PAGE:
Prime numbers are like atoms – they are the building blocks of integers. A prime is any natural number having exactly 2 positive divisors – 1 and itself. $\\$

One of the most important theorems of mathematics, so important, that it is called the fundamental theorem of arithmetic, is about primes. It says that every natural number can be decomposed into a product of primes in exactly one way (up to a rearrangement). Today, we will explore some of the consequences of that theorem. $\\$ Firstly, a prime decomposition of a product of two numbers is a product of the decompositions of these numbers, and so contains all the primes that appear in both decompositions. Secondly, a number is divisible by another number if and only if all the primes in the decomposition of the divisor also appear in the decomposition of the dividend. We can think about dividing natural number as a smaller number “stealing” some of the prime divisors of the larger number. We will see how this simple fact can help us answer some questions about divisibility.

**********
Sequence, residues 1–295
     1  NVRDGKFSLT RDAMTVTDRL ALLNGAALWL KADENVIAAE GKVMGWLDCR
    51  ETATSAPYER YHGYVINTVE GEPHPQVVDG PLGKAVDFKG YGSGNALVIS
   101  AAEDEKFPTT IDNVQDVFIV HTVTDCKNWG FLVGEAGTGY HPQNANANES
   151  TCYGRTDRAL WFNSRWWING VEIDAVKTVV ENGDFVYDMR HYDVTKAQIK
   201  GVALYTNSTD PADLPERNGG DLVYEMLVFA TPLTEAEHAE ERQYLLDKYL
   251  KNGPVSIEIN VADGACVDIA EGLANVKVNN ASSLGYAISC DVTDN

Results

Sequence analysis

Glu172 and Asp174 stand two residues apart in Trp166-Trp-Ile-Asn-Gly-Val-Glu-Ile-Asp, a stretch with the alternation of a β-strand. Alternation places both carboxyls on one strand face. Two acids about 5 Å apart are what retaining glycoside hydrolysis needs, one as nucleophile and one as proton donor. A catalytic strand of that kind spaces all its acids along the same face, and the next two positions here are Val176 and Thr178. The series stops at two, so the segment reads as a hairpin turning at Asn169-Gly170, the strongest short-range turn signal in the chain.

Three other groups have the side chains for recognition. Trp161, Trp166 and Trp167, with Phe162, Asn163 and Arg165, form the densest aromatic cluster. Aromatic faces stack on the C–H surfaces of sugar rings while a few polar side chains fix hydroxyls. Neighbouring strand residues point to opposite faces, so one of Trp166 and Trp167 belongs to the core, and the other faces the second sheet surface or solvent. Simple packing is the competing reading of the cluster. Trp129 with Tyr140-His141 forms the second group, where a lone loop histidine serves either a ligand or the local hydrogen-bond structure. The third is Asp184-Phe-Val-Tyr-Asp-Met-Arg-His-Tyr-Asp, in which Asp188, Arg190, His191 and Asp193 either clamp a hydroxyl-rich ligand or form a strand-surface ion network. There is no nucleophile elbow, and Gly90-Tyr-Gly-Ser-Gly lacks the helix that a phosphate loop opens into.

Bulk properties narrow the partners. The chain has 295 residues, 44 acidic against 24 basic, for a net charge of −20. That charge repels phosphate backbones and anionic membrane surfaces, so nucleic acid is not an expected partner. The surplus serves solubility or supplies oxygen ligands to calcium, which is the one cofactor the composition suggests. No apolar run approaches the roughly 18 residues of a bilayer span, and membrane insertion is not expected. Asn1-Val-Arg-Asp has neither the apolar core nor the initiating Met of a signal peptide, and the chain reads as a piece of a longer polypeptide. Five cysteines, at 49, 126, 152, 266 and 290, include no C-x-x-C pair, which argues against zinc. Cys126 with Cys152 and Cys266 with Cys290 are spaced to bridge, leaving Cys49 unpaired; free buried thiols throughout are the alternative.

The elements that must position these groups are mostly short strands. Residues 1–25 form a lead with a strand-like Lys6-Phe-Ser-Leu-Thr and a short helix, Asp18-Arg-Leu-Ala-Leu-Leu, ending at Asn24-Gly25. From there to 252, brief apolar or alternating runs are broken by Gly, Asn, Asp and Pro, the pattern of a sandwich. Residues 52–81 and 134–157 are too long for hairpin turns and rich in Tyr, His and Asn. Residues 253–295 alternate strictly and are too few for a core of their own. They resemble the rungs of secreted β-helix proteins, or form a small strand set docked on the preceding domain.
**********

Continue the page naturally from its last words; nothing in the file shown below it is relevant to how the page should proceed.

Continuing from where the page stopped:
Problems:

a) The number $a$ is not divisible by $3$. Could the number $2a$ be divisible by $3$? $\\$ b) We know that the product $c \times d$ is divisible by a prime $p$. Show that either $c$ or $d$ must be divisible by $p$.

Find a number which: $\\$

a) It is divisible by $4$ and by $6$, is has a total of 3 prime factors, which may be repeated. $\\$

b) It is divisible by $6, 9$ and $4$, but not divisible by $27$. It has $4$ prime factors in total, which may be repeated. $\\$

c) It is divisible by $5$ and has exactly $3$ positive divisors.

a) The number $a$ has a prime factorization $2^3 \times 3^2 \times 7^2 \times 11$. Is it divisible by $54$? Is it divisible by $154$? $\\$ b) The prime factorization of the number $b$ is $2 \times 5^2 \times 7 \times 13^2 \times 17$. The prime factorization of the number $c$ is $2^2 \times 5 \times 7^2 \times 13$. Is the first number divisible by the second one? Is the product of these two numbers, $b \times c$, divisible by $49000$? $\\$

a) The number $a$ is even. Should $3a$ definitely also be even? $\\$ b) The number $5c$ is divisible by $3$. Is it true that $c$ is definitely divisible by $3$? $\\$ c) The product $a \times b$ is divisible by $7$. Is it true that one of these numbers is divisible by $7$? $\\$ d) The product $c \times d$ is divisible by $26$. Is it true that one of these numbers is divisible by $26$?

Look at this formula found by Euler: $n^2 +n +41$. It has a remarkable property: for every integer number from $1$ to $21$ it always produces prime numbers. For example, for $n=3$ it is $53$, a prime. For $n=20$ it is $461$, also a prime, and for $n=21$ it is $503$, prime as well. Could it be that thiss formula produces a prime number for any natural $n$?